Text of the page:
[0244] Referring next to FIG. 24, a simplified perspective view is shown of detector array that is used to obtain the spectral profile of the light treatment across the entire treatment chamber according to yet another embodiment of the invention. Illustrated is the treatment chamber 1501, which may be any of the treatment chambers described herein. Rather than two optical detectors to measure the light transmitted through the treatment chamber as described above, e.g., photodetectors or fiber optic probes, a detector array 1702 is positioned behind the entire treatment zone 1704 (which corresponds to at least a portion of the profile of the flow chamber of treatment chamber 1501 in this embodiment) of the treatment chamber 1501. For example, the detector array 1702 is an array of fiber optic probes 1602 arranged in a grid behind the treatment zone 1704 (e.g., arranged on a plate or other structure). In some embodiments, one or more of the fiber optic probes are inputs to one or more spectrometer, e.g., spectroradiometers, that allow the measurement of fluence levels at individual wavelengths within a spectrum of wavelengths at one time. In alternate embodiments, the fiber optic probes 1602 may be other optical detectors or collectors, such as discrete photosensitive devices (e.g., photodiodes) or may comprise a charged coupled device (CCD) array.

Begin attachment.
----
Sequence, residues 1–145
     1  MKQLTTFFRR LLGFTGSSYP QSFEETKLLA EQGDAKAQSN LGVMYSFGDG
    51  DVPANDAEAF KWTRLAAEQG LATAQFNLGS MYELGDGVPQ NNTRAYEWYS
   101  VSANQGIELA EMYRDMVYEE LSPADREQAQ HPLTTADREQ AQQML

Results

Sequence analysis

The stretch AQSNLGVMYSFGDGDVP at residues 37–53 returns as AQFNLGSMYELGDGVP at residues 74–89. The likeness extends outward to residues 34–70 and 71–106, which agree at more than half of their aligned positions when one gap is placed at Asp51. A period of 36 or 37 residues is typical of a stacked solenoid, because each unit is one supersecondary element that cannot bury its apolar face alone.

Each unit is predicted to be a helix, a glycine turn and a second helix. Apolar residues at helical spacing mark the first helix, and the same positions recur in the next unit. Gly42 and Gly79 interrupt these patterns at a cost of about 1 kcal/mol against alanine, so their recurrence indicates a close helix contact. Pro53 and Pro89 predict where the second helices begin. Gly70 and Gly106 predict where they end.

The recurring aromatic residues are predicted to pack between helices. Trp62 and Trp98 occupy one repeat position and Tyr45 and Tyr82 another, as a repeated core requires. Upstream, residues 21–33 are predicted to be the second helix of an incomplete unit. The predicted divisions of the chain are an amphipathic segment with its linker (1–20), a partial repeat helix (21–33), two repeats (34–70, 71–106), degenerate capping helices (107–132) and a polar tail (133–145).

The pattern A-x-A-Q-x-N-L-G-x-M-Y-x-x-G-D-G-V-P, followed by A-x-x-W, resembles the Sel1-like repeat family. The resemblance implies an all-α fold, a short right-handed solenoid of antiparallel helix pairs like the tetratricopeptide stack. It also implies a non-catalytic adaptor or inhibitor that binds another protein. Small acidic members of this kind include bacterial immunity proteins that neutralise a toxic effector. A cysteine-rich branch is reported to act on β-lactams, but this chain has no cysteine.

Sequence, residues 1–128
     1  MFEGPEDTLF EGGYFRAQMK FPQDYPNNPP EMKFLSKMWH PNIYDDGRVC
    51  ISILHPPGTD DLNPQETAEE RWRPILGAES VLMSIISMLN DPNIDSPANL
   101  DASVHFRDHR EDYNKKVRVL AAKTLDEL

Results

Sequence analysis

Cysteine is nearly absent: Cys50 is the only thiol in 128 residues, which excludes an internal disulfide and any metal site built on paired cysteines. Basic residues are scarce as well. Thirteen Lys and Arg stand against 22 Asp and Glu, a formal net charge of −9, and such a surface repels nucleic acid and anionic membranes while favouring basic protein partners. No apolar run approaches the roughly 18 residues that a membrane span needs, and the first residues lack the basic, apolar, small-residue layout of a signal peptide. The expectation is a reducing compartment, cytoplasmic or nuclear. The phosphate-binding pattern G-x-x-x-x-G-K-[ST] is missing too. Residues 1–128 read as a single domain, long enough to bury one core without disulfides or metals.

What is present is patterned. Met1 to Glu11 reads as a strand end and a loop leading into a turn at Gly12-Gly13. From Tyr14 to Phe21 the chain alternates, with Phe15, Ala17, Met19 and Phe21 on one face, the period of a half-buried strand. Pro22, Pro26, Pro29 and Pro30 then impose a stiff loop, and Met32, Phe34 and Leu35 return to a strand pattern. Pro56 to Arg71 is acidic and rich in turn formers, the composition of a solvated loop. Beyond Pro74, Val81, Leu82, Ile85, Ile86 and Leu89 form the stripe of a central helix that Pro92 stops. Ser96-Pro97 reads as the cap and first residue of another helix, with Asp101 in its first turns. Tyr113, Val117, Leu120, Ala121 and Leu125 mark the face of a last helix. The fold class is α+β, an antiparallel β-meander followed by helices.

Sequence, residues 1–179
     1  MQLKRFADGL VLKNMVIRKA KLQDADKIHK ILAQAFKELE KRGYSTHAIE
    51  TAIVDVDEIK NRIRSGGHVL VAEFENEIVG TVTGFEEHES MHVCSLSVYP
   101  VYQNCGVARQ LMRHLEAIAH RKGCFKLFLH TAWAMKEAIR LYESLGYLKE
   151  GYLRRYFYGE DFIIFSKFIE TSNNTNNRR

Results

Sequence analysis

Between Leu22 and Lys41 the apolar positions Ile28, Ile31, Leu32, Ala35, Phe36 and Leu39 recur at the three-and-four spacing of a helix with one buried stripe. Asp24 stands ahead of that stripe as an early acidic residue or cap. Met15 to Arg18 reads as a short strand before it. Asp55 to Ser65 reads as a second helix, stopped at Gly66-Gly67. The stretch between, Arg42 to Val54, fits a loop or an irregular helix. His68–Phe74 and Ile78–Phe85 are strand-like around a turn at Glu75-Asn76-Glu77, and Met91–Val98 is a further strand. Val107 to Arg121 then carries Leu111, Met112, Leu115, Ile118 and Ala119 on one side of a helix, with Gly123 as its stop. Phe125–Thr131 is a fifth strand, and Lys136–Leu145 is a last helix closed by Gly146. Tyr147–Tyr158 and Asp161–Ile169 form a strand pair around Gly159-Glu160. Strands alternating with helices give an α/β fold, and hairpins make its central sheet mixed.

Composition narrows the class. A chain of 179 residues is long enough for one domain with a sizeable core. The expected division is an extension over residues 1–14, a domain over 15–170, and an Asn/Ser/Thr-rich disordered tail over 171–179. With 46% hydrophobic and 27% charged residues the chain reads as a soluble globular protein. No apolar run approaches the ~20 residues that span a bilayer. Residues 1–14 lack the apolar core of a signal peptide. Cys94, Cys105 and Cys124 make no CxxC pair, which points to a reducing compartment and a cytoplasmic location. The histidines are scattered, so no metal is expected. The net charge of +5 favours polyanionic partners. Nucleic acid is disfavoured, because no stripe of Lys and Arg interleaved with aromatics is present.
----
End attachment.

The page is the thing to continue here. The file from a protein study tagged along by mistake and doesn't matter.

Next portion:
[0245] The use of the detector array 1702 provides the process controller with the measurements to create a dose mapping of at least a portion of the profile of the treatment zone 1704 (e.g., a profile of the flow chamber) of the treatment chamber 1510. Thus, light energy transmitting through treatment chamber 1501 is collected across a portion of the treatment zone 1704 (or scan area), preferably an entire portion. With no fluid flowing, this detector array 1702 is used to test the uniformity of the light treatment across the portion of the profile of the treatment zone 1704. The same can be tested by pumping a fluid having a known consistent optical density, such as water or another more absorbing fluid. In operation, with the fluid product being pumped through the treatment chamber 1501, the uniformity of the absorption of the light treatment of the fluid is tested. As described, above, particularly with blood plasma derivatives and other bioprocessing fluids, it is important to obtain uniform treatment of the fluid product so that excessive protein damage is prevented while at the same time maximizing the effective treatment of the fluid product, e.g., maximizing the effective kill rate of microorganisms, viruses, bacteria, pathogens, etc.